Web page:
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December 6, 2022

Science news in review: Nov. 16

By NEEL GODBOLE | November 17, 2022

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COURTESY OF IBM Research / CC BY-ND 2.0

Last week, IBM announced the development of a new quantum computer chip that more than tripled the number of qubits of its predecessor.

From black holes to quantum chips, this week was full of exciting revelations in the science and technology community. As we hit the midpoint of November, take a look at the STEM news shaking the world!

IBM develops new, more powerful quantum computing technology

Tech giant International Business Machines Corp. (IBM) announced the successful creation of an entirely new chip for quantum computing on Nov. 9. The novel 433-qubit Osprey chip has threefold the number of qubits — quantum analogs of the bits used in traditional computers. 

Quantum computing has the potential to revolutionize certain fields, including chemistry and aircraft engineering. In fact, IBM even allows outside entities like corporations and higher institutions to test out its quantum computing capabilities. 

Harvard scientists pinpoint closest black hole

The precise locations of black holes have always been difficult to ascertain. A group of Harvard astrophysicists, led by Harvard Junior Fellow Kareem El-Badry, used data from the Gaia spacecraft — able to locate stars’ positions — to locate a black hole’s positions based on the movements of stars that fall prey to black holes’ unparalleled force of gravity. 

While impossible to directly observe, scientists can map black holes based on the ways in which the dust and stars around them move. This is precisely what occurred with El-Badry’s black hole, dubbed Gaia BH1, which was charted based on its invisible gravitational influence on a star orbiting it. Gaia BH1 has a mass tenfold that of the sun and exists roughly 1,560 light years from Earth, making it the closest known black hole to Earth. El-Badry says that this finding is just the beginning of humans finding and locating black holes in our vast universe.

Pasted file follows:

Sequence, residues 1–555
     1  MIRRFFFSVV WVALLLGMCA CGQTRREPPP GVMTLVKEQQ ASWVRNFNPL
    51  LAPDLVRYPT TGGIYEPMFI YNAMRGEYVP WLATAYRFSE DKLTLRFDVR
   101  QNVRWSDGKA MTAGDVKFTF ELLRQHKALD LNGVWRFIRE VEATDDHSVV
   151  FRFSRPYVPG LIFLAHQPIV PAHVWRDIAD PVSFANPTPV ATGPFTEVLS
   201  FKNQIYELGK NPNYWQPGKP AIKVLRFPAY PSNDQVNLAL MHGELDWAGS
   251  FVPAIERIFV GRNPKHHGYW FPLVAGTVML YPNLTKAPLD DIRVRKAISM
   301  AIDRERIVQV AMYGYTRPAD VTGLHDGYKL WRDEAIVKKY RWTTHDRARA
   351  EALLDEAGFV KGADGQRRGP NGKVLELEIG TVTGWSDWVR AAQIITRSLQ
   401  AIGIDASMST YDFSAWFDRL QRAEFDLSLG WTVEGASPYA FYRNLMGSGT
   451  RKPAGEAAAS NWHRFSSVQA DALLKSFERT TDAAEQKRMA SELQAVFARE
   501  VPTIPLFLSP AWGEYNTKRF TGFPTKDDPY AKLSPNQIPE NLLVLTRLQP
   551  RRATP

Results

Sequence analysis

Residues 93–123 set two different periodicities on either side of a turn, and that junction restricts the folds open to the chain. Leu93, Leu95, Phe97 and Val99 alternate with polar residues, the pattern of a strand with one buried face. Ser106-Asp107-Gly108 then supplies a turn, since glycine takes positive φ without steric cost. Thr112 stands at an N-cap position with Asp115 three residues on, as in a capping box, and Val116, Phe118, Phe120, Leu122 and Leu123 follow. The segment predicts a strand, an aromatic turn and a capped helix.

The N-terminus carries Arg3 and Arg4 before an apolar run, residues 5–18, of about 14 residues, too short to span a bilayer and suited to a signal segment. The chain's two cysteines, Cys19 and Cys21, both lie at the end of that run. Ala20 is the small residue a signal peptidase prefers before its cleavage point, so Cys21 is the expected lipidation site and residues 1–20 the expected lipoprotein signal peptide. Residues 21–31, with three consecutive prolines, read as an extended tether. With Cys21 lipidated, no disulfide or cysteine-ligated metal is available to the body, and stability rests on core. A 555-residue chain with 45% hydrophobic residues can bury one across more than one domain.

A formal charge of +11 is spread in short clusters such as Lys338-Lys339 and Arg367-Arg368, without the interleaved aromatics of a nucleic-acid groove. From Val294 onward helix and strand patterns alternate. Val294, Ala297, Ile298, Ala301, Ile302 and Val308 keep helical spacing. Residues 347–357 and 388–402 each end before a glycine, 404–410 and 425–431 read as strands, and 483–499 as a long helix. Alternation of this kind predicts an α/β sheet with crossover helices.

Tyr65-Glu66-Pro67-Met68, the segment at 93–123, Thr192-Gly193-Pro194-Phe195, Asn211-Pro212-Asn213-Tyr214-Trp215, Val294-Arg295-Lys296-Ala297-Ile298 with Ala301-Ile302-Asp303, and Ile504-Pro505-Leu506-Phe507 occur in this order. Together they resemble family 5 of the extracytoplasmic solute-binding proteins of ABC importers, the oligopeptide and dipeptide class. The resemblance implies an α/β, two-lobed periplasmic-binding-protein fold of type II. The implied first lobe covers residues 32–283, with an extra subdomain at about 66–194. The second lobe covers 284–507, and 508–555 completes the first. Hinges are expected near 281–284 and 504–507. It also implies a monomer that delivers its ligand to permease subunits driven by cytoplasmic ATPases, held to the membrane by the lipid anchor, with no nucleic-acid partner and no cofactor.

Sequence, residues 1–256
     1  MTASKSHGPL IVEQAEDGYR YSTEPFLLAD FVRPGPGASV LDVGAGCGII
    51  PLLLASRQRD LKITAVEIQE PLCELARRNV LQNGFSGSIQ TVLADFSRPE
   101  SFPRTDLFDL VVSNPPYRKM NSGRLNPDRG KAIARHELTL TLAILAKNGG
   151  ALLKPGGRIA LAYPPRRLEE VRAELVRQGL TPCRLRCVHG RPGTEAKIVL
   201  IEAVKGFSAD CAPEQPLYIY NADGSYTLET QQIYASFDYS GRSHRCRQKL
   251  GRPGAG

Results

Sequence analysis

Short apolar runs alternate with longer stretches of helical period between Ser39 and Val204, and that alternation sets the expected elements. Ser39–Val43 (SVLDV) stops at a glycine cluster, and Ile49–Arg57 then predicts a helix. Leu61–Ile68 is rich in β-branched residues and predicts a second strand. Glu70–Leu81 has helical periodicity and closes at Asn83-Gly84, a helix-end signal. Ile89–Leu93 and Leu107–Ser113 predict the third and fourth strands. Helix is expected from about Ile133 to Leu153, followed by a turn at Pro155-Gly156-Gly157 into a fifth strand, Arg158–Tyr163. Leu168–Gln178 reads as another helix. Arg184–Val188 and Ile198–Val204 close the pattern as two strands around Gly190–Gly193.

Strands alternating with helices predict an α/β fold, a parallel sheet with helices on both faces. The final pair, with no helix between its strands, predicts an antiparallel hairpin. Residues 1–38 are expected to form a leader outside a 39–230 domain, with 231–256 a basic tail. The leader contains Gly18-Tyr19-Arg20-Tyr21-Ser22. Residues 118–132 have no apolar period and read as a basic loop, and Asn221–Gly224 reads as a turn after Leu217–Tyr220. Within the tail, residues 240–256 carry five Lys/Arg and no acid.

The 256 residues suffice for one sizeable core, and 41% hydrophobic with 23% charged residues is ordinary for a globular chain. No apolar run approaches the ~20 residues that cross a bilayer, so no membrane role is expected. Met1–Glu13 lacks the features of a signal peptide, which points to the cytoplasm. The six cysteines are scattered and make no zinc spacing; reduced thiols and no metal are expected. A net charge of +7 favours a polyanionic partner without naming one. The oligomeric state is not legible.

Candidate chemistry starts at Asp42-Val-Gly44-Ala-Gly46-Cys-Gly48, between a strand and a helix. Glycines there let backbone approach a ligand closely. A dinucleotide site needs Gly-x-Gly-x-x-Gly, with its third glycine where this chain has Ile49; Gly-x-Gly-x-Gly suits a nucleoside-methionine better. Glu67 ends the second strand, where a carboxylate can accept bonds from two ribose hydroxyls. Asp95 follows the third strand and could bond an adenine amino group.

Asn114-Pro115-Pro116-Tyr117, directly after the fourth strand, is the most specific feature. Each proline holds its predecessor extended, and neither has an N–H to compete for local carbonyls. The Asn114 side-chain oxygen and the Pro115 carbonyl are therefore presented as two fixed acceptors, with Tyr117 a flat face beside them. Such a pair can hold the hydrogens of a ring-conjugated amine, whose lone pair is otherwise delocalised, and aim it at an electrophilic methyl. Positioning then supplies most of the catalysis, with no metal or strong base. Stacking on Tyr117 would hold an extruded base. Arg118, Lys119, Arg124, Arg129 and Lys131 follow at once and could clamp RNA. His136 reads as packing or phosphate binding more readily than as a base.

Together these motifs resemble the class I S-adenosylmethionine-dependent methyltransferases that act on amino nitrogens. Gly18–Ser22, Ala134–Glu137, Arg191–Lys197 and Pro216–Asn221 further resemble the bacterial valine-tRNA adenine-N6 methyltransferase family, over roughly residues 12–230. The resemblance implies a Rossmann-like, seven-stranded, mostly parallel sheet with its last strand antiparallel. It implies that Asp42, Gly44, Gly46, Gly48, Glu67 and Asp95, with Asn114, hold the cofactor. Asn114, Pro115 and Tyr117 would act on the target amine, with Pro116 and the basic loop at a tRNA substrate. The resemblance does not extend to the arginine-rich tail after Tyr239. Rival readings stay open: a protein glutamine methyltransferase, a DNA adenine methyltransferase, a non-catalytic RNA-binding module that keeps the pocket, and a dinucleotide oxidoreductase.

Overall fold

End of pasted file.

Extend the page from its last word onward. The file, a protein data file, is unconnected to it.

Climate change can impact the color of lakes, altering their ecosystems

Ever observe a lake near your house and watch it change color through the years? More likely than not, the lake goes from pristine blue to a dullish green color. According to hydrologist Xiao Yang, who studied more than 85,000 lakes around the world, some beautiful blue lakes may not stay blue forever due to the ever-increasing consequences of rapid climate change. 

Since brown and green lakes are more likely to have higher levels of algae, which grows more readily as temperature increases. Changing watercolor can help scientists model how rapidly climate change is altering aquatic ecosystems. 

Computer models make breakthrough discovery in the psychology of pack animal behaviors

Animals and birds tend to travel in packs, often to protect themselves against predators,  as captured by a  long-established ecological phenomenon known as the Selfish Herd Hypothesis. However, a recent study constructed by Daniel Sankey, a behavioral ecologist at the University of Exeter, suggests that this apparent protection is a myth — that animals or birds swiftly moving to the middle of the pack could have actually had negative consequences. These “selfish” organisms that try to flee to the middle might end up in the back of the herd or pack, as indicated by models created using algorithms in R programming that model birds in a flock.

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